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Those of you who live near Milwaukee should certainly visit the new exhibit at the Milwaukee Art Museum. American Fancy is a project that curator, scholar, and antiques dealer from Alexandria, VA, Sumpter Priddy has been working on for years, and was the topic of his master's thesis at Winterthur. Funded by the Chipstone Foundation and exhibited in the Art Musueum's great new facility in Milwaukee, it is up through June 20. It also travels to Peabody Essex Museum in Salem, MA and the Maryland Historical Society in Baltimore. There is also a wonderful catalogue just out in hardcover that sells for $75.

Sumpter has made some interesting observations about a lot of things concerning the public appeal of "fancy" things starting in the late 18th c. and running to about 1840. His comments on quilt patterns involve the developement of patterns related to the invention of the kaleidoscope. He also delves into the printed fabrics with machinery grounds and the use of "fancy" by coverlet weavers.

I greatly admire Sumpter. He has taken a point of view apart from that of decorative arts thinking of the late 20th and early 21st centuries and gone with it. He and I have had a number of discussions over the past few years about this term "fancy" in relation to textiles of the period.

I heartily recommend visiting the exhibit. I have not been out to the wonderful Milwaukee installation, only seen photos my friends have taken and the book. I think it will stimulate some discussion in the world of quilt and textile historians.

Trish Herr 717.569.2268 2363 Henbird Lane Lancaster, PA 17601

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Subject: PA blue quilts From: "Carla Toczek" <CToczek@kc.rr.com> Date: Tue, 20 Apr 2004 08:45:16 -0500 X-Message-Number: 6

Hello Members,

Our List Mom, Kris, gave me permission to advertise two quilts I posted for sale on the Hickory Hill Consignment Page. Our 1 year Army school here at Ft. Leavenworth is finished and we'll be moving in June. While our household items basically jump into boxes on their own these days, this overseas move is a bit more complicated and includes moving into smaller quarters. Thus, we must pare down our extraneous belongings. My folks took some quilts for me, but rather than submit others to warehouse storage or ocean voyages in crates, I hope to sell some to a good home. Recently on QHL we discussed Lancaster/double blue quilts and both for sale contain that particular blue. I am asking only what I paid for them, plus shipping and insurance. Listed as "Irish Chain" and "Mosaic."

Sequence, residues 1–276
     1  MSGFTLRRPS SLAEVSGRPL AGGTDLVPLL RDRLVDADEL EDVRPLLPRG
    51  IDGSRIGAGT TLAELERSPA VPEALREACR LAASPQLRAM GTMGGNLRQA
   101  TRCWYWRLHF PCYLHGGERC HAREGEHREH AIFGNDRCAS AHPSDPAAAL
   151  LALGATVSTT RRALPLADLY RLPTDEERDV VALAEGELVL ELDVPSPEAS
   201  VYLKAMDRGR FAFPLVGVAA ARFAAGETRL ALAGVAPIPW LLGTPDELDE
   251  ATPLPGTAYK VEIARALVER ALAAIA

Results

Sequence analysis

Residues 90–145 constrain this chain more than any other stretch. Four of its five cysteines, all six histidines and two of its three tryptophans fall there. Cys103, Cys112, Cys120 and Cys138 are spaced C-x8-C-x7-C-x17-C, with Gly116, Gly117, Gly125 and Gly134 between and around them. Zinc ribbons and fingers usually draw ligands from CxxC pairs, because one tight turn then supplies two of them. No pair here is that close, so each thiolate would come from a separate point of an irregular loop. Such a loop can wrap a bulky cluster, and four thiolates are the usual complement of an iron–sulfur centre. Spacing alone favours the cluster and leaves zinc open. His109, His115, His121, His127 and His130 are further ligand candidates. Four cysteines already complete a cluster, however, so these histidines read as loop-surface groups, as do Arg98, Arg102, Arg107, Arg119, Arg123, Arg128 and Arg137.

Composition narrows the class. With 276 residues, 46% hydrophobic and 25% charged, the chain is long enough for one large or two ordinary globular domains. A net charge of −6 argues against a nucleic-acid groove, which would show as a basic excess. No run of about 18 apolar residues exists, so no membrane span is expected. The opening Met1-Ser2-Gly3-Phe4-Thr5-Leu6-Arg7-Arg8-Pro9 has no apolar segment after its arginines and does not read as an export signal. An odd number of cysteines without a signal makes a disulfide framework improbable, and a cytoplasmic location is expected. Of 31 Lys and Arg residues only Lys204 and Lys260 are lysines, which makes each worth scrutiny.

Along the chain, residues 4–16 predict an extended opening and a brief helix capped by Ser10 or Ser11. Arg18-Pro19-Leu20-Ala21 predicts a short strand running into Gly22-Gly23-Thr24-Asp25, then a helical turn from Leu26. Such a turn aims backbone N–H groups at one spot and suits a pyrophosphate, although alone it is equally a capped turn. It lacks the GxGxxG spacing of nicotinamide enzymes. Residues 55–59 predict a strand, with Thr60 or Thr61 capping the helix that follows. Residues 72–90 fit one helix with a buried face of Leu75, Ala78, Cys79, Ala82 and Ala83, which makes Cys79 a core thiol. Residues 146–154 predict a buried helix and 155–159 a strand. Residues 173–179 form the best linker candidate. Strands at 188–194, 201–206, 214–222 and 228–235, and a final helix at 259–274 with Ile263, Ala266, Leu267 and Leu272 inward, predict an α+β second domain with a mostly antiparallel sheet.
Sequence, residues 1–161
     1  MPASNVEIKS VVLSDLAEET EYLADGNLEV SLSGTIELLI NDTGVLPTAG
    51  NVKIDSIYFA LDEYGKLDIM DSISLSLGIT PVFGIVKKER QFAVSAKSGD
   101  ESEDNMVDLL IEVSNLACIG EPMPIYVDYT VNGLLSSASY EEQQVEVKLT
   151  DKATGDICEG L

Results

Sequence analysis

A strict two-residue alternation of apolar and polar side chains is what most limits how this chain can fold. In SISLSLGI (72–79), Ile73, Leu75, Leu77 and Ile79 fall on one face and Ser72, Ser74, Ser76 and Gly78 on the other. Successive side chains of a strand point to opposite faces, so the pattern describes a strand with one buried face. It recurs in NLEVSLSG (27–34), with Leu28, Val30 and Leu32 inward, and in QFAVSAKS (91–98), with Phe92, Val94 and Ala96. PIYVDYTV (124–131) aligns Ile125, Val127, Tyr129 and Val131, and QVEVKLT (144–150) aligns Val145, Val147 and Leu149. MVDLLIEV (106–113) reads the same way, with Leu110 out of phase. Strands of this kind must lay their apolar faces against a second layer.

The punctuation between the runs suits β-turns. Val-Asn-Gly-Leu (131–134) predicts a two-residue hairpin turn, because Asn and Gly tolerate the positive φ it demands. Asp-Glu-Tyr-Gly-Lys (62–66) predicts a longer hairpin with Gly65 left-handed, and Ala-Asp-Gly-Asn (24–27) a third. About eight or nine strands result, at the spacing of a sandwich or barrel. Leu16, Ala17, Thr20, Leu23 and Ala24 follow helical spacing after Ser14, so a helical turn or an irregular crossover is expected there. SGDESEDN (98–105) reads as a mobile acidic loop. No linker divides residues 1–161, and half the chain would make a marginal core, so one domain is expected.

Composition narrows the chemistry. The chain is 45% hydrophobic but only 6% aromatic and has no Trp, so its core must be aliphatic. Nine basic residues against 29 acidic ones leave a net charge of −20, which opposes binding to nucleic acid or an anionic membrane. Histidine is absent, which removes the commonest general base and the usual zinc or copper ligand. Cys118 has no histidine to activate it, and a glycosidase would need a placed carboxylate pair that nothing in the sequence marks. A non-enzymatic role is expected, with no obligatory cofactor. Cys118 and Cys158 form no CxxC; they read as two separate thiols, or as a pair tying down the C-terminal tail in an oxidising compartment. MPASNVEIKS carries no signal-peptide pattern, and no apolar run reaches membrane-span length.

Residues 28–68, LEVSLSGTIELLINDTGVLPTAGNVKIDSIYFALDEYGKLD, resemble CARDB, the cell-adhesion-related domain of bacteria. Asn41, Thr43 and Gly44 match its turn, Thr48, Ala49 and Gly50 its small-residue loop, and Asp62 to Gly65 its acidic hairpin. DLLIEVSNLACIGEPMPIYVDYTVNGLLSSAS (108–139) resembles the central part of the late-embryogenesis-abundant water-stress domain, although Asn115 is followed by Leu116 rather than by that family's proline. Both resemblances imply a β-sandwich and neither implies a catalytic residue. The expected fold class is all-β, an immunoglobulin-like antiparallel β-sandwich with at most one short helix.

On a side note, if there are any QHL members near Heidelberg, Germany, I would greatly appreciate learning of any local quilting groups, American or international.

Best to you all,

Carla Toczek Ft. Leavenworth, KS

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Subject: When Will the Deception End? From: Patricia L Cummings <quiltersmuse@comcast.net> Date: Tue, 20 Apr 2004 11:01:27 -0400 X-Message-Number: 7

Good morning!

Simply Quilts, Episode QLT-540, has jumped into the frayof the heated discussion about quilt blocks and the Underground Railroad by providing a show featuring co-author Jacqueline Tobin and Ozella's niece, Serena Wilson.

I did not happen to catch this show but the summary on the www.hgtv.com webpage probably is a good indicator of what was said, or at least, one can assume that it is an accurate account (or should be!)

The first sentence refers to Ozella McDaniel Williams as "Ozella Robinson Williams". Since she died before the book was published, did she change her name in heaven?

Sometimes it is not what is said, but what is not said, which would clarify what is said. Clear as mud? The interview summary states this, "Today, it is very difficult to find quilts from this era"... Really? (no) Why? (elaborate) What era exactly? (provide the reader with the time period in question) Is the sentence implying that some slave-made quilts that are documented as being linked to the proposed "secret code" Underground Railroad have, indeed, been found? If so, I am sure that all of us would love to hear about this "new" information.